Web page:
Assessment is not about you as the teacher!
I totally agree with the statement about assessments. This statement validates my thinking. In my experience as a preschool teacher, some agencies have assessed children for school ratings. In addition, companies whom we have purchased curriculum from, ask the school to assess the children to see how well children are doing with their curriculum.
In the classroom, teachers compete with one another concerning who is teaching the curriculum the best and how many of their children are reading, writing, know colors etc... I understand that children may be the same age but it does not mean they are all at the same level of development. Assessments aid in giving the teacher an ideal of how to best meet the educational goal for the children.
I would definitely use the questions stated in the book concerning defending assessments. I believe that teachers should really understand why children are being assessed. Teachers should have assessment tools that are clear and have knowledge of how the tool works. The assessment tools must be valuable for the student and teachers should be encouraged and feel comfortable asking for help. If teaching staff were giving these questions at the beginning of the school year, I think it may give insight on what their role is as an educator and initiate more teacher involvement with the children.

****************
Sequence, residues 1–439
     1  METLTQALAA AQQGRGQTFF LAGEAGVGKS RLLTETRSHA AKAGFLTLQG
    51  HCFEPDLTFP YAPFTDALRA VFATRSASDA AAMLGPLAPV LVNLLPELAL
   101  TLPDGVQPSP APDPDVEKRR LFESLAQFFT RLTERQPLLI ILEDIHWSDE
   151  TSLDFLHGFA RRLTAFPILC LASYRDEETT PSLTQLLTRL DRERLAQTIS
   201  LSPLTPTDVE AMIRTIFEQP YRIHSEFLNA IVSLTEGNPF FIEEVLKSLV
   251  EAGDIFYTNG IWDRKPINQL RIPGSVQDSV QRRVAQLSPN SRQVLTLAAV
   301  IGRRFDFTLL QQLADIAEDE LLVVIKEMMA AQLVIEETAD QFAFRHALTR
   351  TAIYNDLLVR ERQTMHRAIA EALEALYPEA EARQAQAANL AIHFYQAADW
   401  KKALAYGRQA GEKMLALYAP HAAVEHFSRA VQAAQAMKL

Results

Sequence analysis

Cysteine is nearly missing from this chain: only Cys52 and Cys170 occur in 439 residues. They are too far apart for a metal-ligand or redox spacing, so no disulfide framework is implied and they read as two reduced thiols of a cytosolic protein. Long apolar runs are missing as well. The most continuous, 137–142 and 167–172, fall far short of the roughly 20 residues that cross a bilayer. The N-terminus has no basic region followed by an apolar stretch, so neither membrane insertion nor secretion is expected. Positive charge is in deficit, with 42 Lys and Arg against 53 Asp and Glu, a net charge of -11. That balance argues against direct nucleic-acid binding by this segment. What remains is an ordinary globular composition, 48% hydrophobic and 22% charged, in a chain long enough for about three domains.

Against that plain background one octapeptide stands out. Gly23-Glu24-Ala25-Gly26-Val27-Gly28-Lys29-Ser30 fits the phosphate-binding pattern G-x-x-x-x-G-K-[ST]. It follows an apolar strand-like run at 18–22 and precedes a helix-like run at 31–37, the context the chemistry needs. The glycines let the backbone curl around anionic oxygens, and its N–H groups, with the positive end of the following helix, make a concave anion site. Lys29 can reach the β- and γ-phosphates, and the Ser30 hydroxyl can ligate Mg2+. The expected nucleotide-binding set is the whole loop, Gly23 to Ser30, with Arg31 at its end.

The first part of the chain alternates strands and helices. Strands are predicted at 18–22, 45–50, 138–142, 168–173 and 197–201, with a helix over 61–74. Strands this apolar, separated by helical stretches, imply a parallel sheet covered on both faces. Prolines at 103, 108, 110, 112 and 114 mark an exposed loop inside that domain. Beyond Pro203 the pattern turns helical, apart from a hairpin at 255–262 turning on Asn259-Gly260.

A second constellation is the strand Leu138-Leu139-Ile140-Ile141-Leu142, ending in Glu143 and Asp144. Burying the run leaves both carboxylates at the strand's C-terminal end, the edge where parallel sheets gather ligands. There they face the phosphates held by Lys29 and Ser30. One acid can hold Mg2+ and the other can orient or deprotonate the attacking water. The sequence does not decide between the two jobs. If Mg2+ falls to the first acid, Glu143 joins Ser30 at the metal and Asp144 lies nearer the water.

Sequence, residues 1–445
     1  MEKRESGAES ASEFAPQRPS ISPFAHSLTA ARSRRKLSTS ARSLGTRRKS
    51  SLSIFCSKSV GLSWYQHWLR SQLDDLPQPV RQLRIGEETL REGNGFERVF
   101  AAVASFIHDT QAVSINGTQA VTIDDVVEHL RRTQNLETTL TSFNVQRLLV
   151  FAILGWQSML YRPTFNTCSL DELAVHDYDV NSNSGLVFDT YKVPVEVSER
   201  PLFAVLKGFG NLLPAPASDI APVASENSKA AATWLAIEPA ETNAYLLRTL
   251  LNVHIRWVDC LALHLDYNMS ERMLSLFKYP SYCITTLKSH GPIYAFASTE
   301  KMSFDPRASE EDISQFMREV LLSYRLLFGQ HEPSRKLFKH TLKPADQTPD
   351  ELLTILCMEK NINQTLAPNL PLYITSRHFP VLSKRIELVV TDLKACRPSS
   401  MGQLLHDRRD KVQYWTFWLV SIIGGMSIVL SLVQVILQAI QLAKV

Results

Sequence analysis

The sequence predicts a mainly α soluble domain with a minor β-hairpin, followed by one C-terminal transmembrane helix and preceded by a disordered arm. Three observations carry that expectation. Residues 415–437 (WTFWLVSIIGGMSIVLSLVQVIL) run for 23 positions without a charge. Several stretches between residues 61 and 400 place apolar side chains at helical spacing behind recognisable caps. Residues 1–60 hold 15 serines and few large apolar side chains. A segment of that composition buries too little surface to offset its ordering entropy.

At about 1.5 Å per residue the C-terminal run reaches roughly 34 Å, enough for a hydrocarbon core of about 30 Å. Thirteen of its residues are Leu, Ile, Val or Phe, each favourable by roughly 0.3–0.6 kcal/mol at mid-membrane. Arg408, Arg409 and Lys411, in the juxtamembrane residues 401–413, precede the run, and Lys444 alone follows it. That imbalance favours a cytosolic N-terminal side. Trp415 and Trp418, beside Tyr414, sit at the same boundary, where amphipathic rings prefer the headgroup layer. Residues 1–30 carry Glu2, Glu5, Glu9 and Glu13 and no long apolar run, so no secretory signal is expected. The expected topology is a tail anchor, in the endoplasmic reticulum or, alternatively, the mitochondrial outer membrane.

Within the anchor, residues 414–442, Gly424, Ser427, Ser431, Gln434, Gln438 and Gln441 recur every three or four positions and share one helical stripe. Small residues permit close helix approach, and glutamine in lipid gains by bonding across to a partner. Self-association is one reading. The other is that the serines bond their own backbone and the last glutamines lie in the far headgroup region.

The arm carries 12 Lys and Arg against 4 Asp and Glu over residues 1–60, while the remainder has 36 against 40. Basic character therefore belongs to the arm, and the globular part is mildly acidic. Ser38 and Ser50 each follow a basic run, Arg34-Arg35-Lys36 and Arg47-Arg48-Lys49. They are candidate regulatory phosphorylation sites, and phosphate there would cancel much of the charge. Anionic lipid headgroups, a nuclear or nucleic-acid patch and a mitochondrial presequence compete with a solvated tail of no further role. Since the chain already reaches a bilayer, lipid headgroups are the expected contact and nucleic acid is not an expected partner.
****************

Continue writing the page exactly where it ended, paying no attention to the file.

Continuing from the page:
Have I Failed?
As far as myself failing or partnering with students during assessments, I may be in the middle. I don’t believe I have failed because I involved the children by engaging in the activity, asking questions and getting feedback from the children. However, I was not doing it for the purpose of partnering. Well in a way, maybe I have failed. I can certainly say, I now have a better understanding of assessments and this is why I would use the questions.